Where Is Your Liver and What Does It Do?
The liver is the largest organ in the abdomen, and it sits just under the diaphragm in the right upper quadrant. It’s a busy organ because just about every substance you eat goes to the liver to be metabolized before going anywhere else in the body. (Fats are the exception — they enter the lymphatic system.) The liver also makes bile, which helps break down fat in the small intestine, and also stores various substances. The following sections cover the parts, nerves, and vessels of the liver.
Liver surfaces and lobes
Most of the liver is covered with peritoneum except for a posterior section that contacts the diaphragm, the bed of the gallbladder, and the porta hepatis, which is an opening that allows the passage of the hepatic portal vein, hepatic artery, nerves, ducts, and lymphatic vessels. The visceral surface contacts the following: esophagus, stomach, duodenum, gallbladder, right colic flexure of the colon, right kidney, and suprarenal gland.
The liver is divided into two lobes by the falciform ligament: the larger right lobe and the smaller left lobe. The falciform ligament is a fold of peritoneum that extends from the umbilicus to the liver. The falciform ligament contains the round ligament of the liver.
The presence of fissures, or grooves, further divides the liver.
Right sagittal fissure: This groove is formed by the fossa (depression) for the gallbladder and a groove that makes room for the inferior vena cava.
Left sagittal fissure: This groove is formed by the fissure for the round ligament of the liver on the front and the fissure for the ligamentum venosum on the back.
The left and right sagittal fissures divide the right lobe to include the caudate lobe and quadrate lobe.
Liver nerves, blood vessels, and lymphatics
Nerve supply is brought to the liver by the hepatic plexus, which has sympathetic fibers from the celiac plexus and parasympathetic fibers from the vagal trunks.
The liver receives blood from the following two sources:
Hepatic artery: Systemic circulation comes from the hepatic artery, which brings oxygenated blood to the liver.
Hepatic portal vein: This vein carries venous blood from the abdominal part of the digestive tract.
The hepatic portal system is made up of the hepatic portal vein and its tributaries: the superior mesenteric vein, the splenic vein, the gastric veins, and the cystic veins.
Additional veins of the portal system include:
Gastro-omental veins: Drain blood from the stomach and greater omentum into the splenic vein (left gastro-omental vein) and superior mesenteric vein (right gastro-omental vein)
Short gastric veins: Drain blood from the stomach to the splenic vein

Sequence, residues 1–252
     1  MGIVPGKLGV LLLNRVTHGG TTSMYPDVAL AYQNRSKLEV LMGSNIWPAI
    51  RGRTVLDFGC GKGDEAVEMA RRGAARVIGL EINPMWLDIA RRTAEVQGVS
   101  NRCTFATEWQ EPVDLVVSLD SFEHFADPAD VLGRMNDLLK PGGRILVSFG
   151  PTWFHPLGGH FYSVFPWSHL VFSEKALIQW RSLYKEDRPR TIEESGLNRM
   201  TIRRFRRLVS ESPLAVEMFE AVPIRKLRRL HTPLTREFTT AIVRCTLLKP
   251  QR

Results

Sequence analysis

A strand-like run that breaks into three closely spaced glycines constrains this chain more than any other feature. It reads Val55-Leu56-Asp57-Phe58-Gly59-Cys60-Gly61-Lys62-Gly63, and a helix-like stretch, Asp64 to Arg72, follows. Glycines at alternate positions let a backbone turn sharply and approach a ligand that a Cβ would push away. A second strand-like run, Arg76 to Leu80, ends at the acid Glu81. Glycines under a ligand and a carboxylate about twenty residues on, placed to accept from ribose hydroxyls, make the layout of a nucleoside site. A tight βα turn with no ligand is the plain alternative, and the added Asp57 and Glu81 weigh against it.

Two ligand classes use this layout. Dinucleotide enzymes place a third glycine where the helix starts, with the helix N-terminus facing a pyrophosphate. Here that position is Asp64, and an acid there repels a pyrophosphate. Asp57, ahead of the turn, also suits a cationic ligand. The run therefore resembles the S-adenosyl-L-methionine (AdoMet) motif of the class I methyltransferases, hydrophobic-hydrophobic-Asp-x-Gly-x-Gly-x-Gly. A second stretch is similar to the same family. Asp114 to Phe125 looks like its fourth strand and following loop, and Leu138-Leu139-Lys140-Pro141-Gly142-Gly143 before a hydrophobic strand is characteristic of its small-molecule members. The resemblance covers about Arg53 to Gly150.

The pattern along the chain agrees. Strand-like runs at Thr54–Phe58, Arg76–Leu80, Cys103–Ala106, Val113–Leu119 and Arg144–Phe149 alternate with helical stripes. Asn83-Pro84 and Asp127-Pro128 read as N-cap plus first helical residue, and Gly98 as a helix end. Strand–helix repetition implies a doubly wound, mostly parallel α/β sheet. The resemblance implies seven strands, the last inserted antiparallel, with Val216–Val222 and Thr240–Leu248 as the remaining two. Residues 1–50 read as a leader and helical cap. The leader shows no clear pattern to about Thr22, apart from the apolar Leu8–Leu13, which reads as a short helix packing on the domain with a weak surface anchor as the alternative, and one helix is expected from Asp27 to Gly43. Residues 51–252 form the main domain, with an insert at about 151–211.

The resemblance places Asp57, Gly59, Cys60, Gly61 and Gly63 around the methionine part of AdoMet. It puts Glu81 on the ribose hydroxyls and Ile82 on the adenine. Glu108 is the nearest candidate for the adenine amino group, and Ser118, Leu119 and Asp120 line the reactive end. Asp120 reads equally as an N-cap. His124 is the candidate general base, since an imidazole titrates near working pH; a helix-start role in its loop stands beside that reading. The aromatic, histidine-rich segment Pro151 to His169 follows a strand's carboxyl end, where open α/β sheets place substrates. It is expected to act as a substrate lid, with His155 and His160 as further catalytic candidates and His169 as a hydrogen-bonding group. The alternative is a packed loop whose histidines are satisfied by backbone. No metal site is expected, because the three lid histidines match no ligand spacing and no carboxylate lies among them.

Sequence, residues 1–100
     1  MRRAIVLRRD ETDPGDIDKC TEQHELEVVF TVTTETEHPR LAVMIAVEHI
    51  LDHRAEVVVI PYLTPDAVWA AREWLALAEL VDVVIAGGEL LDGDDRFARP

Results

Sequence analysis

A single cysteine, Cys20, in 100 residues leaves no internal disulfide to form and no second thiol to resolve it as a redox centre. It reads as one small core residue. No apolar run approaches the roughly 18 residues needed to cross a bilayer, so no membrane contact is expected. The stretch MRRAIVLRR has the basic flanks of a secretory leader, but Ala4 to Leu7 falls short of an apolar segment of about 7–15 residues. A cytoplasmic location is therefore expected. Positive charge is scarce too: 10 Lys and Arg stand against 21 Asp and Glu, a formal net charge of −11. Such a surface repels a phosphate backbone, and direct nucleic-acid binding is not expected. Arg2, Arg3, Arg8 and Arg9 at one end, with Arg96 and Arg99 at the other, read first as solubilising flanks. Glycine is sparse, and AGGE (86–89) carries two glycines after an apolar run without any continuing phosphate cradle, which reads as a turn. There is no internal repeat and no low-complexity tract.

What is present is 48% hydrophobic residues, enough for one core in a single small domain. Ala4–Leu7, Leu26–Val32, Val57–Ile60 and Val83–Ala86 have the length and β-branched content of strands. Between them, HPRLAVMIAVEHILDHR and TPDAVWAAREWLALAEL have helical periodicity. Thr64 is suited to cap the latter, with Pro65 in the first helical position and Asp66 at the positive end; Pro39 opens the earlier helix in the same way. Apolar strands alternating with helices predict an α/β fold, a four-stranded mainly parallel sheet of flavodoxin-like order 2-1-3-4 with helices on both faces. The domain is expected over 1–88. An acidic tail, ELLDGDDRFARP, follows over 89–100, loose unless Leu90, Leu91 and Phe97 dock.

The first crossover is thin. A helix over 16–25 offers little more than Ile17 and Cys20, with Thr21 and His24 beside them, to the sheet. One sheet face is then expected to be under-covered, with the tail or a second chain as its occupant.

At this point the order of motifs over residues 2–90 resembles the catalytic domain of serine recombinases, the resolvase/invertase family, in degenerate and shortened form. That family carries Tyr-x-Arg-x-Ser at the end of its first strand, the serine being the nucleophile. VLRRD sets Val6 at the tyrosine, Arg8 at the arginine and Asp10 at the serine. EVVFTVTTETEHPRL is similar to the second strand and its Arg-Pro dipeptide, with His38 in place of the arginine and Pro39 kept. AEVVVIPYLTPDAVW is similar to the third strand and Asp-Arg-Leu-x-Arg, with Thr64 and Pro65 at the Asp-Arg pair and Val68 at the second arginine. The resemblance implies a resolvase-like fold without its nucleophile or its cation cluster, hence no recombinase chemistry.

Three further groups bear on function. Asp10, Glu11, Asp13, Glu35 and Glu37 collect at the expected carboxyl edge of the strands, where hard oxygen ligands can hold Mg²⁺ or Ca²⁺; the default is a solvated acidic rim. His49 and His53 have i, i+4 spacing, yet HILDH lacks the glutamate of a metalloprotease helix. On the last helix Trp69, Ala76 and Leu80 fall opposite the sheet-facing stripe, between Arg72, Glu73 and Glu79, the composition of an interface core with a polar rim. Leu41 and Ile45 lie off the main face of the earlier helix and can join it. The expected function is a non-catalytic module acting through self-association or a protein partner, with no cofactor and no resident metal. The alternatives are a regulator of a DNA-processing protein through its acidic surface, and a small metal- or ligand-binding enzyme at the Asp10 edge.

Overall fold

Ileocolic vein: Drains blood from the cecum and appendix into the superior mesenteric vein
Inferior mesenteric vein: Drains blood from the rectum, sigmoid, and descending colon into the splenic vein
Left colic vein: Drains blood from the descending colon to the inferior mesenteric vein
Middle colic vein: Drains blood from the transverse colon into the superior mesenteric vein
Right colic vein: Drains blood from the ascending colon into the superior mesenteric vein
In the liver, the hepatic portal vein branches out and ends in capillaries called the venous sinusoids of the liver.
Lymph is drained from the liver by lymphatic vessels of the liver, which include superficial and deep lymphatic vessels. Hepatic lymph nodes are found along the hepatic vessels and the lesser omentum. Lymph from these lymphatic vessels drains into the celiac lymph nodes and then into the cisterna chyli. Lymph nodes on the posterior and anterior surfaces of the liver drain into the phrenic lymph nodes (near the diaphragm) and then into the posterior mediastinal lymph nodes before draining into the right lymphatic and thoracic ducts.
The bile duct
The liver produces bile and secretes it into bile canaliculi, which drain the bile into interlobular bile ducts. Those ducts then lead to larger ducts that eventually merge to form the right and left hepatic ducts (one for each lobe). The two hepatic ducts merge to form the common hepatic duct. This duct, along with the cystic duct, forms the bile duct.
The bile duct runs down to the duodenum to form the hepatopancreatic ampulla with the pancreatic duct. The ampulla opens into the duodenum through the major duodenal papilla. The terminal portion of the bile duct is surrounded by the sphincter of the bile duct. The hepatopancreatic ampulla has its own sphincter called the sphincter of Oddi.